The pathway to dentistry for minority students: from their perspective.J Dent Educ. 2004 Sep; 68(9):938-46.JD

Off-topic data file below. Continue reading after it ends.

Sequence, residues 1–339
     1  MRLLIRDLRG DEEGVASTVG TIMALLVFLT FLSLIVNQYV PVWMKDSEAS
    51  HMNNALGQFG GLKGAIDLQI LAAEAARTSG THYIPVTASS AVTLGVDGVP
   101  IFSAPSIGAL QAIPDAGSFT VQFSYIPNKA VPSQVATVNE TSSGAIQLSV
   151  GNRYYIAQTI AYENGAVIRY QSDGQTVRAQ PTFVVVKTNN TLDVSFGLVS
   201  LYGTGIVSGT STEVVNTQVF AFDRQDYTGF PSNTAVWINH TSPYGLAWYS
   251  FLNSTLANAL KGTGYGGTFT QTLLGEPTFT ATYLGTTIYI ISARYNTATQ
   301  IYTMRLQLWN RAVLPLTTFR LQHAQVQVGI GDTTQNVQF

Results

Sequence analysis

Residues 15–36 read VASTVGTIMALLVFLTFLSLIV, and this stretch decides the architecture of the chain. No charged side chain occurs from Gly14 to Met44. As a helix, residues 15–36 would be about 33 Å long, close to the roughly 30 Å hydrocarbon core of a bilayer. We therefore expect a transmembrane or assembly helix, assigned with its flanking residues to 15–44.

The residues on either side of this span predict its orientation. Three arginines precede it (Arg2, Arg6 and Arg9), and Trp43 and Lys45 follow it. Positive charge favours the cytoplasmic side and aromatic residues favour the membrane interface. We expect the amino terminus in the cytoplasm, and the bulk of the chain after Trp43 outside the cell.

The small number of minorities in the field of dentistry is a serious concern. While the United States as a whole has become more diverse with minorities making up 25 percent of the total U.S. population, only a handful (14 percent) are currently practicing dentistry, and only 11 percent entering dental schools are underrepresented minorities. Pipeline, Profession, & Practice: Community-Based Dental Education is a national foundation-sponsored program designed to address this issue in dental education. To understand the reasons why dentistry attracts so few underrepresented minority (URM) students, we conducted focus groups and in-depth interviews to determine the challenges facing minority students when they apply to and attend dental school. Ten focus groups were conducted with a total of ninety-two minority students (fourteen undergraduate students and seventy-eight students currently enrolled in dental schools) at six universities in four geographic regions. In addition, four in-depth interviews were held with faculty advisors who teach, mentor, and recruit minority students. The major findings of the study are as follows: 1) early and frequent exposure to dentistry and dentists in practice is essential for minority students to consider this profession; 2) while many dental schools have earnestly tried to recruit minority applicants, most URM students find out about dental programs by a family member or friend and not as a result of an intentional recruiting effort; and 3) hearing directly from minority students could be a solid first step in understanding the dental school experience from a different vantage point. This study has important implications for the methods dental schools use to both recruit minority students and foster a learning environment that is sensitive to students from diverse backgrounds.